The crux of the matter for Canada (or any other country), is that the personal data stored on the U.S. database is
subject to American law. Basically, if you work for Oracle Canada , U.S. Homeland Security knows more about you than you should want them to know. And it seems to me that, where a Canadian Government Agency has legitimate need to access the data, a Canadian court order would be ineffective in forcing Oracle to release the data.
We need some sort of International Convention that makes personal information subject to the laws of the country where it originated, not the country where the database holding it resides.
I imagine Oracle could save even more if it moved the database to Russia – and if that doesn’t scare you, you’re dead.
Gee, Larry, so glad to hear you have Oracle’s best interests at heart, and not those of your clients. Now, tell me again how shutting down those Canadian operations eases our concerns about the Patriot Act?
David G. Smith
IT Procurement Group Manager
Re: Rail industry on track for XML transition (Dec. 1)
Recently, the MoU Management Group, responsible for coordinating standards in eBusiness for ISO, IEC, ITU, UN/ECE (EDIFACT), OASIS, OAG, CEN and many others, met in Boston.
Amongst the many technologies discussed were ebXML and UML. These may be helpful to railway businesses, and, if adopted, become the continuation of the EDIFACT series of standards that are already widely adopted and endorsed. UN/ECE has significant experience in producing international standards in this arena and could prove to be a very attractive route to achieving consensus messages, something that is vital to achieving the same degree of adoption that EDI has already provided to all the major industries in the world.
As you say in your article, EDI has stood the test of time. It is over 30 years old and has immense adoption and stability, characteristics that are vital to justify the levels of investment that are needed for major back-end systems.
I would be happy to provide contacts to ensure that this approach can be quickly and effectively evaluated.
Re: Unreasonable facsimile (Nov. 30)
I am a consultant with CGI, and am involved in doing privacy assessments.
I find it curious that the CIBC is trying to turn things around to blame Mr. Peer for violating PIPEDA. He is in the U.S. — he did not ask for this information, did not collect it, and has no relationship to the subjects. I am not sure under U.S. law what his obligation is to the subjects of personal information that he has received due to the mistake of another. I think he would be liable if he misused it, i.e. used it for identity theft. However, exposing the CIBC to public scrutiny when he has failed to get anyone’s attention for three years, and had to commence in fact a lawsuit, doesn’t mean he is going to be considered as acting unreasonably.
Nor do I consider his lawsuit to be unreasonable. As you know, a claim for damages is limited to what you ask for in your statement of claim — you can’t get more. So typically lawyers sue for $X million, when at trial they will ultimately get something less. It would be negligent to do otherwise, because you often don’t know at the beginning what your real damages are. Mr. Peer will have to prove his damages at trial. I don’t think it’s fair to characterize Mr. Peer at this point as someone who is manufacturing a lawsuit, because so far what we know is that the CIBC has for the past three years refused to do anything in response to his requests.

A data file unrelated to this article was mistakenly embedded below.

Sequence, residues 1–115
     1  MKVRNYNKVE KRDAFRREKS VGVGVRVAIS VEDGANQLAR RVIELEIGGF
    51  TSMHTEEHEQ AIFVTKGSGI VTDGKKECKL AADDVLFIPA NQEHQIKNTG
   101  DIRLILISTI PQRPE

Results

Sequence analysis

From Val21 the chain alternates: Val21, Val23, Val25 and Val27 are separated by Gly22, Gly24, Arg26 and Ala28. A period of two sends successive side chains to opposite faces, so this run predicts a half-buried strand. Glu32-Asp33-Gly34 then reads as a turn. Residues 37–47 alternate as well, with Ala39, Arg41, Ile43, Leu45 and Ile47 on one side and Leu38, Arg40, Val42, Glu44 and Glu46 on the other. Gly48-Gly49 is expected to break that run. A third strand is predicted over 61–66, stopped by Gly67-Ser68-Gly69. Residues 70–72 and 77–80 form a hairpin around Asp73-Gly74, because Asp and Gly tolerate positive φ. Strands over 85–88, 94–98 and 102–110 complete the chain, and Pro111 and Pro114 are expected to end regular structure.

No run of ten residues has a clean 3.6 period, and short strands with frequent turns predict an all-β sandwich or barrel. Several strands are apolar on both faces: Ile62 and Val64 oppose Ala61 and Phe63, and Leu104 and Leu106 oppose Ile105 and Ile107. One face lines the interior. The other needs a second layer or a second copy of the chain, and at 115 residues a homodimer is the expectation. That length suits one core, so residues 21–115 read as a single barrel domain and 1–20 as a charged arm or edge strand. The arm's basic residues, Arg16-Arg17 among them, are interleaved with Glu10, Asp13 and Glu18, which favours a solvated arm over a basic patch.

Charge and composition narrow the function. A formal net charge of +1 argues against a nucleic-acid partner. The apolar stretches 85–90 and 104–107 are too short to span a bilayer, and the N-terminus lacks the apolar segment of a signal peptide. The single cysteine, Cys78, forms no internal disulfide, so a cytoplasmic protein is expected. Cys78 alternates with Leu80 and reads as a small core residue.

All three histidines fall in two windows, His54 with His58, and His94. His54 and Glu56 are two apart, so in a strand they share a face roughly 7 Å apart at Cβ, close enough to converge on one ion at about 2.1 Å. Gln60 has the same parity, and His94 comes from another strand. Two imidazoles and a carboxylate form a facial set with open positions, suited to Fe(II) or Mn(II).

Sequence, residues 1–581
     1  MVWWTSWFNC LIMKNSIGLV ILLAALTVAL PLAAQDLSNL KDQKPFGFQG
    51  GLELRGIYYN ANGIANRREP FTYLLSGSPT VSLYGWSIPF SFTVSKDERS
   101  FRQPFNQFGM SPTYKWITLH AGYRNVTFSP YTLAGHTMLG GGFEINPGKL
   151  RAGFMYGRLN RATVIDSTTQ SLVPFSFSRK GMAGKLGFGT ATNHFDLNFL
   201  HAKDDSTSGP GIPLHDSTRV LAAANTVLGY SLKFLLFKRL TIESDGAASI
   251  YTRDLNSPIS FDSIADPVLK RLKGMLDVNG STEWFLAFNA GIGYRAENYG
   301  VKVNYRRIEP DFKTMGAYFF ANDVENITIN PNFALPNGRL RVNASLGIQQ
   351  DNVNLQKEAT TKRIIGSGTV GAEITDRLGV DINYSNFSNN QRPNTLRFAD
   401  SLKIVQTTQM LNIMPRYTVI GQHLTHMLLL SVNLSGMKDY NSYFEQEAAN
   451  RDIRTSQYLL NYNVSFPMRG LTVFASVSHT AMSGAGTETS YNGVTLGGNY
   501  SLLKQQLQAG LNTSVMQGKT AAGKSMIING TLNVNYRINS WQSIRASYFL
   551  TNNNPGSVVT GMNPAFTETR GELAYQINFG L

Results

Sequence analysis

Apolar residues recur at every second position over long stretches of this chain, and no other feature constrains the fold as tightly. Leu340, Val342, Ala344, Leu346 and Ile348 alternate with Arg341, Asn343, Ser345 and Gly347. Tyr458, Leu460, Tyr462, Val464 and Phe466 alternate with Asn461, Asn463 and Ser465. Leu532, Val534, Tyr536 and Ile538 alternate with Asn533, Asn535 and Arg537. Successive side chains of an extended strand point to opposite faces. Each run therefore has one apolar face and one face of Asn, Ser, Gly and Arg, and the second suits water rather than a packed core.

All of this is a distraction from the CIBC’s real issue, which is a failure of their accountability, policies and education. Keep in mind that as part of the banking community, CIBC has been subject to PIPEDA since January 2001. If they are not able to demonstrate compliance in the simple technology of facsimiles, how can they expect customers to be confident in other areas, such as online transactions?
A continued effort to redirect blame to others is not going to regain customer confidence.
Constantine Karbaliotis, LL.B
Re: Unreasonable facsimile (Nov. 30)
I remember watching this story on the CBC news. After hearing it did not involve a financial institution I deal with (at least) directly, I breathed a sigh of relief. The next day I was discussing it with some co-workers and I asked the question: Why is CIBC even faxing around customer data to start with? The answer I got was “”Yeah, but you would think that they would be using some kind of proprietary secure connection.””
I can understand that CIBC might use a fax machine (an incorrect fax number in some database) but to have them not know about the data going to the wrong place — answer it was obviously getting to the right place otherwise customers would be wondering what happened to their RRSPs and RRIFs.
The published explanation of this story will need to be good if we are to even have any hope of convincing the few remaining out there that would rather trust the good ol’ mattress for storage of valuables.
Look forward to reading more about this.
Re: It’s their Word against yours (Nov. 22)
Indeed, Shane, I agree with your assessment on Novell’s responsibility for mismanaging the WordPerfect franchise. I too used WordPerfect in the early days and much preferred it to Word, when the pressure to move over became unbearable in some environments.
You are right, WordPerfect is not yet completely dead. I wanted to let you know that I received a WordPerfect suite recently bundled as free OEM software when I purchased a new Dell computer for home. Probably would have used it too, given the steep price of Office, but we were able to access the student/teacher edition courtesy of my nine-year-old daughter.
Chief Information Officer
United Way of Canada
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